Elle Magazine Tries to ‘Whiten’ Indian Skin

Aishwarya Rai at the Cannes film festival

Image via Wikipedia

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It looks like Elle Magazine had quite the white Christmas.

Recently in the news for lightening the skin of Gabourey Sidibe on the September cover, the magazine has done it again, featuring prominent Bollywood actress and former Miss World Aishwarya Rai Bachchan on the January 2011 cover looking far paler than she is in real life.

I had to do a double take when I first saw the cover page. Not only does Ms. Rai-Bachchan look far whiter than she is in real life, she also looks like a red-head. Aishwarya is reportedly in shock and plans to sue the magazine if the allegations are true.

There are those who would defend the magazine for using some kind of lighting or a Photoshop trick, or who think that this is no big deal and skin lightening is similar to tanning.

To put this into context: Indian consumers have long been inundated with ads that use prominent Bollywood actors to promote skin-lightening products. In a country that produces gorgeous women of color, it is sad that Ms. Rai-Bachchan, who is relatively light-skinned, is one of the very few with some cross-over international appeal. To see magazines like Elle further enforce the color hierarchy by making Aishwarya appear lighter-skinned is a slap in the face to thousands of young Indian women who aspire to be models and actors. It also plays into systemic racism when Indian women across the world pick up a copy of Elle Magazine and can barely recognize one of their own celebrities due to the fact that her skin tone was digitally lightened.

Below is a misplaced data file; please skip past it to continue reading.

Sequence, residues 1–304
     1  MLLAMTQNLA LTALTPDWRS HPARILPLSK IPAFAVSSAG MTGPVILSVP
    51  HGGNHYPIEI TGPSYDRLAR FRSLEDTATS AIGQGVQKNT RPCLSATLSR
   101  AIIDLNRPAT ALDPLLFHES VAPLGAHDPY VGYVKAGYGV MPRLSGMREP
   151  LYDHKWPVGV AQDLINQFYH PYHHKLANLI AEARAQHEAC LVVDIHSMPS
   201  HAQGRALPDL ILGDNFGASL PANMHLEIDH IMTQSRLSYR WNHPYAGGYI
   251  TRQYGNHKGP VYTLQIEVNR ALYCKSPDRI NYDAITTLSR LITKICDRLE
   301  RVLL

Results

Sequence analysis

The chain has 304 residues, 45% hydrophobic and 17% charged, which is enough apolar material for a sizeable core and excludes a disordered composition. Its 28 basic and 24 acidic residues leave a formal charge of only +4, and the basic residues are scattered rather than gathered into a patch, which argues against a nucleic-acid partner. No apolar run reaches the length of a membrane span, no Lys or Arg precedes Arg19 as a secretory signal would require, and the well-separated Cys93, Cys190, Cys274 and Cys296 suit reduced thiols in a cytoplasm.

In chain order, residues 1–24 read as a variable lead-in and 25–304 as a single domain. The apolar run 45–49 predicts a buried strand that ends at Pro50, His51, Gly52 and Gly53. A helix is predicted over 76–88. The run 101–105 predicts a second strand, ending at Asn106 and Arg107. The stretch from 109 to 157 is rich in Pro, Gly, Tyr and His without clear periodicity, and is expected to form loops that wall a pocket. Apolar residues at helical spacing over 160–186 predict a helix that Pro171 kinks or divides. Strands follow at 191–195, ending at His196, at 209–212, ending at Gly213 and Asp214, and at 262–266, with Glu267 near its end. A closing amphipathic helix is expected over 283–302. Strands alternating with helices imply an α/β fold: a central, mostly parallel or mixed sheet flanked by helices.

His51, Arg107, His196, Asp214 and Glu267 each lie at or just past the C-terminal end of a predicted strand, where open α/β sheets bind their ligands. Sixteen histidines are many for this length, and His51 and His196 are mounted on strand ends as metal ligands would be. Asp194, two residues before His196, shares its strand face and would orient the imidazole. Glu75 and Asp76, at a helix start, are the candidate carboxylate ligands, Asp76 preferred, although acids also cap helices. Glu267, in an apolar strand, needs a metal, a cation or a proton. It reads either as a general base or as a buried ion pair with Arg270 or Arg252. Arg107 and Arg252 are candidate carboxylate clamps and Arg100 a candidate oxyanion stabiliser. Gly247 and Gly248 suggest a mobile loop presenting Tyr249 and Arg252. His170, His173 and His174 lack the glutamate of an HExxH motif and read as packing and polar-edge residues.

The question then posed is, do we have to be pale white and bleach our skins to have cross-over appeal? Indeed, the Oscar-winning film Slumdog Millionaire had a British director. Ben Kingsley, a British actor, won an award for playing the iconic Mahatma Gandhi. It’s a downward spiral and it hardly helps to bolster self-confidence in millions of young women of color across the world.

It would be over the top to accuse Elle Magazine of being racist on the basis of two  magazine covers. There is a deeper problem here: either Elle Magazine in India is outsourcing its artistic needs, or it really does not have staff that is qualified enough to work with images of women of color. In both cases, Elle Magazine owes Aishwarya Rai Bachchan an apology for doctoring her image in a manner highly offensive to people across the globe.


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